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Food Substitute Makers Soylent in the Soup for Allegedly Failing to Provide Adequate Warnings


For those of you who have’t been caught up in the Soylent storm, we will let you in on the Soylent circle. A couple of months ago, a man named Rob Rhinehart found that there are those people who don’t really have a want or the time for food (We don’t know any of these people), but these people still had to eat, right? 

So he went ahead and found everything that a person requires and but them in all into one big milkshake-type drink. This beige coloured drink is supposedly the future of food. Because if we take eating out of the equation we have time to conquer the world. 

Soylents popularity has grown bigger by the minute with customers waiting up to three months in order to receive their batch of Soylent. Recently, they even raised $20 million in order to increase production to meet their high demands. 

Now, they are under some fire as a watchdog group claims that the nutritional powder’s packaging doesn’t comply with California law.  They are allegedly violating California’s Safe Drinking Water and Toxic Enforcement Act, which requires companies to provide consumers with warnings on products that contain detectable amounts of harmful chemicals.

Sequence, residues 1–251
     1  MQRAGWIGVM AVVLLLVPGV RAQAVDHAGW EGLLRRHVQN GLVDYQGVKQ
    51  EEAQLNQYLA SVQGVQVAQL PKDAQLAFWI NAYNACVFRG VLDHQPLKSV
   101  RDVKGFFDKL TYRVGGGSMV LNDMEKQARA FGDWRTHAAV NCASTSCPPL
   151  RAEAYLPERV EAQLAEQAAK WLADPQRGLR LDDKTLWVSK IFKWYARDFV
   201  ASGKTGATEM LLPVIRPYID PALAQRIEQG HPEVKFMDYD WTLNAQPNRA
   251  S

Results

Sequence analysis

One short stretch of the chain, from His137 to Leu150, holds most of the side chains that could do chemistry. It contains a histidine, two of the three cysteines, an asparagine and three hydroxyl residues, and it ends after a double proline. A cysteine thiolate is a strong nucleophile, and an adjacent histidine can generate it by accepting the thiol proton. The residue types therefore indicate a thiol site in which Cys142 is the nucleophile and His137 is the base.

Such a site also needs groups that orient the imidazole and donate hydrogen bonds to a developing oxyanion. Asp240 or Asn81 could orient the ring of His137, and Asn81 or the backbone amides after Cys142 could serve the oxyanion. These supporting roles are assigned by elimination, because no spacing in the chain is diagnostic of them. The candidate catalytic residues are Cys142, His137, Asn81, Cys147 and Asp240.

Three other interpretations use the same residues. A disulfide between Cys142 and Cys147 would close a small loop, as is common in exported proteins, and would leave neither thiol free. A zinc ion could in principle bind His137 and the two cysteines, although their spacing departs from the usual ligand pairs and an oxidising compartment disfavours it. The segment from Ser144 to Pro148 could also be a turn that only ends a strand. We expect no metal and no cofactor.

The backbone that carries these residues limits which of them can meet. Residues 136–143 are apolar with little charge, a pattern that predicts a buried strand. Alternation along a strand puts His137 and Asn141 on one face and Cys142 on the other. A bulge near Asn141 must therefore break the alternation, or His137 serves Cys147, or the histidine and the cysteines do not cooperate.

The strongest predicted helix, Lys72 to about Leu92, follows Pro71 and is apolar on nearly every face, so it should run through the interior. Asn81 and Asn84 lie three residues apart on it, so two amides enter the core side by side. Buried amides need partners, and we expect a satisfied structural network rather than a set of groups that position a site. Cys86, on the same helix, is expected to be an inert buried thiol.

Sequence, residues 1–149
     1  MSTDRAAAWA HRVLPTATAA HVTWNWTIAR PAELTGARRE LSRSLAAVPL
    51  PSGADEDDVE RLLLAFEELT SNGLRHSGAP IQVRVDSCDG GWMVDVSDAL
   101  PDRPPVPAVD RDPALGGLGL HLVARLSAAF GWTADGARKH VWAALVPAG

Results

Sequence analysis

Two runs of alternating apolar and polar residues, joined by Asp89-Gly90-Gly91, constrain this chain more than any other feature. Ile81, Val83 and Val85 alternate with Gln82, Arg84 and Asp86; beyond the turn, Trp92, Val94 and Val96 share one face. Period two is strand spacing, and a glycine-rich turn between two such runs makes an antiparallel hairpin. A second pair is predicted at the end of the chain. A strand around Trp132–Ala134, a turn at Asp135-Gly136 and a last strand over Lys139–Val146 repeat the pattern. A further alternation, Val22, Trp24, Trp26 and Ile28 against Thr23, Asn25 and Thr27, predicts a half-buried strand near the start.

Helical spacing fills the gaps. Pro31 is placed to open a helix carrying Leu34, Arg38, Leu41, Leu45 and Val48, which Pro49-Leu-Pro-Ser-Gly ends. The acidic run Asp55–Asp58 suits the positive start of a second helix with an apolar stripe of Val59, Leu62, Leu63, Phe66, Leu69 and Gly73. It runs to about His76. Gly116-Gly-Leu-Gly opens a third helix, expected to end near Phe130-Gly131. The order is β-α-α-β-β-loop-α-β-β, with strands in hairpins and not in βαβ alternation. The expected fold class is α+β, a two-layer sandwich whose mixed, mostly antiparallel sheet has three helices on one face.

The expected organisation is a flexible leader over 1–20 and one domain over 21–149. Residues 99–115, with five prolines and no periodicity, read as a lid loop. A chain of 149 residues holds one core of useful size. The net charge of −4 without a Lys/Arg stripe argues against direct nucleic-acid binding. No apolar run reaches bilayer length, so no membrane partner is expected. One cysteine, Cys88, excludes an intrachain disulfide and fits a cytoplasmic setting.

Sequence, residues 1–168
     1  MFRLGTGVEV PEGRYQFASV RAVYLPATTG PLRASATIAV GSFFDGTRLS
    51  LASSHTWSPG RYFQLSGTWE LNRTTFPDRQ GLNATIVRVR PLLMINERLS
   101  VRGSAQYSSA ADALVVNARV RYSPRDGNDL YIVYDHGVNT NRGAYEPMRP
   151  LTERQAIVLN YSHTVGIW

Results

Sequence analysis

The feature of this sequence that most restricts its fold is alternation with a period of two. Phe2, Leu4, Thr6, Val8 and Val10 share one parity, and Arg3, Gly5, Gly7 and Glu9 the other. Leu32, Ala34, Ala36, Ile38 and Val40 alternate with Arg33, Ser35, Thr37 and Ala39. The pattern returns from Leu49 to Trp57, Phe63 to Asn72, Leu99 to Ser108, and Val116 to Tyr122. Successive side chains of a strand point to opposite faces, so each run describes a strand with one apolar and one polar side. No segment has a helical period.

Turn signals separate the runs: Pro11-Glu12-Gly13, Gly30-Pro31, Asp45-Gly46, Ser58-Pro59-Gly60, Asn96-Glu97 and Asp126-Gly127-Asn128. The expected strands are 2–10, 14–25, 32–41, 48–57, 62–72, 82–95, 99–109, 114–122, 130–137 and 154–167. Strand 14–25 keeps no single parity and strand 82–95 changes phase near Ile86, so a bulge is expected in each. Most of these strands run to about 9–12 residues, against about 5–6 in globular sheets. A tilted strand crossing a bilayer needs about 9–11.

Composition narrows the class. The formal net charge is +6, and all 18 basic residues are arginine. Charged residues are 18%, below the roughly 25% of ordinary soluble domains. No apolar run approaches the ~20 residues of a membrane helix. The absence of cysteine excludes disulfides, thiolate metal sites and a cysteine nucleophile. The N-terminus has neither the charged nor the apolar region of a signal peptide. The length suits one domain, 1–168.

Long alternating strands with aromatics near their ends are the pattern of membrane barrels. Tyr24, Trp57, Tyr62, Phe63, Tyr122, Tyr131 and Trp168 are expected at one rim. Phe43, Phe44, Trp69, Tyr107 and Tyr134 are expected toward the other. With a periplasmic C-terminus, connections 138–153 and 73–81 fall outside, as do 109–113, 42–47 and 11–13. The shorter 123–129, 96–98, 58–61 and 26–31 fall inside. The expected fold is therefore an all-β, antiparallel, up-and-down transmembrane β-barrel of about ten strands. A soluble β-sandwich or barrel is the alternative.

The watchdog group named As You Sow has filed a 60-day notice of intent to bring legal action against the nutrient powder manufacturer. The non-profit organizations says that two separate tests conducted on Soylent 1.5 at an independent laboratory revealed “that one serving of Soylent 1.5 can expose a consumer to a concentration of lead that is 12 to 25 times above California’s Safe Harbor level for reproductive health, and a concentration of cadmium that is at least 4 times greater than the Safe Harbor level for cadmium.” Lead exposure can lead to neurological impairments, while cadmium has been linked to kidney, liver, and bone damage.

Well, we all have heard the lead related stories, haven’t we? Hint: Maggi.

On its website, Soylent states that its product is “completely safe and nutritious.” Adding that the powder ” is not in violation of any product-safety standards or requirements, and is manufactured in FDA-approved facilities that follow federally regulated current Good Manufacturing Practices (cGMP).”

As You Sow points out that the Silicon Valley-backed company markets the product for use as a “staple meal by all adults.” The watchdog’s CEO Andrew Behar notes that “With stories about Silicon Valley coders sometimes eating three servings a day, this is of very high concern to the health of these tech workers.

Check out the beige liquid food below.